Friday, December 30, 2011

Movie review: The Girl with the Dragon Tattoo

One thing I'll say for sure:  the story depicted in David Fincher's much-ballyhooed The Girl with the Dragon Tattoo is Swedish alright.  Swedish to the bone.  No other culture could produce such a dark, angstful tale of horror and perversion than that of a people oppressed by endless Scandinavian winter.  Depravity beneath a thin veneer of respectability.  "Like an IKEA cabinet," as one prominent character put it.

The film is based on the eponymous novel by Swedish author Stieg Larsson. 

It's the story of Mikael Blomkvist (Daniel Craig), a disgraced journalist who is hired by wealthy industrialist Henrik Vanger (Christopher Plummer) to investigate a murder that occurred 40 years previously. Blomkvist enlists the help of Lisbeth Salander (Rooney Mara), a troubled young woman with a talent for hacking into computer security systems.  As their investigation proceeds, the unlikely pair begins to discover the disturbing, unseemly truth about a prominent Swedish family.

The film is expertly crafted, as one might expect from Fincher, who's previous works include Fight Club, and the sci-fi masterpiece, Alien.  And just as with those two films, Fincher maintains a consistent atmosphere throughout Dragon Tattoo.  Viewers are haunted by dread of what is to be revealed.  We don't know what it is, but we know we won't like it when we do.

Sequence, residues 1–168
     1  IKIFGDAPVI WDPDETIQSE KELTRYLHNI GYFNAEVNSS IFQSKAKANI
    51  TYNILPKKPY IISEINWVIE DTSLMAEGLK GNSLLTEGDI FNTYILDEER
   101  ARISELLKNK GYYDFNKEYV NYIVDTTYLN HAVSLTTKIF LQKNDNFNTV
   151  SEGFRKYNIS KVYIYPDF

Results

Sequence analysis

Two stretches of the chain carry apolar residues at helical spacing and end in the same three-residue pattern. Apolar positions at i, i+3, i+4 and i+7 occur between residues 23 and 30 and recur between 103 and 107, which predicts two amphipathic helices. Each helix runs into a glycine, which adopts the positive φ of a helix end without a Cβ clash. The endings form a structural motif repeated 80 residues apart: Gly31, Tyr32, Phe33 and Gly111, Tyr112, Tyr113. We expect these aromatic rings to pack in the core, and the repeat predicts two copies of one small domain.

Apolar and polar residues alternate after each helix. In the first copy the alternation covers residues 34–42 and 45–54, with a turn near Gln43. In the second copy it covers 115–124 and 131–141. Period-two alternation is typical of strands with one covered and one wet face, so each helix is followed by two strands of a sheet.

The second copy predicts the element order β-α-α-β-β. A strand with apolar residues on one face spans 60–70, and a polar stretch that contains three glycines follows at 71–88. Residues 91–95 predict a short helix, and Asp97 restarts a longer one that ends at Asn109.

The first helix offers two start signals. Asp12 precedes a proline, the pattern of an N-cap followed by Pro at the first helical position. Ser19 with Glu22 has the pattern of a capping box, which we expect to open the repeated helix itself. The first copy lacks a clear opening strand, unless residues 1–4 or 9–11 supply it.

Rooney Mara's performance in the title role, as an alienated social outcast with a gift, was intriguing; and Daniel Craig's portrait of a stoic, joyless Swede seemed apropos, given what I know about Swedes.  But Plummer's performance was my favorite:  a wealthy, half-mad industrialist nearing the end of his life and determined to know the whole ugly truth about his own family.

Most of the story takes place in a small town in northern Sweden known as Hedestad.  But I especially enjoyed scenes depicting Stockholm, which brought back memories of my visit there in 1999. 

At the conclusion of the film, I wasn't sure I had enjoyed it.  I thought perhaps it was not the best film to view during these brief, gloomy days of early winter.  But after a few hours' reflection, I'm coming to appreciate the film's texture and its uncompromising obduracy.

All in all, I've come to the conclusion that David Fincher makes good flicks.  No doubt about it. 

Go see The Girl with the Dragon Tattoo, by all means.  Just make sure you're up for it.

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